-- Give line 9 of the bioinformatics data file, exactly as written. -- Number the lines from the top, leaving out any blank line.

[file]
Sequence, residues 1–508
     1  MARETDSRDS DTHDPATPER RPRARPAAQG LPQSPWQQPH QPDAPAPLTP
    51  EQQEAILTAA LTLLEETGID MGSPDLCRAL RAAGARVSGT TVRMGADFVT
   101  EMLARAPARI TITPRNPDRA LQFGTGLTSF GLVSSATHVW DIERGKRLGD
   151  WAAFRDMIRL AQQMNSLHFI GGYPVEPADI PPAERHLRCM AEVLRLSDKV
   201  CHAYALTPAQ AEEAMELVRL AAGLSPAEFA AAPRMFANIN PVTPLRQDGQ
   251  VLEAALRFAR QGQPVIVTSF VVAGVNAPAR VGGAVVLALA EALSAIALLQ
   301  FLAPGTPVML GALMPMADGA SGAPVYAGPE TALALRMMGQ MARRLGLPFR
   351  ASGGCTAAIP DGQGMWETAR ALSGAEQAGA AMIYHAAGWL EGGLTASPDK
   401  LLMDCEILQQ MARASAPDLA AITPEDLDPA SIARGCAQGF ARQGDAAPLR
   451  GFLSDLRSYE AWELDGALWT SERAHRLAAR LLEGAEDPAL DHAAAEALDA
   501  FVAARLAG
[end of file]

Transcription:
   351  ASGGCTAAIP DGQGMWETAR ALSGAEQAGA AMIYHAAGWL EGGLTASPDK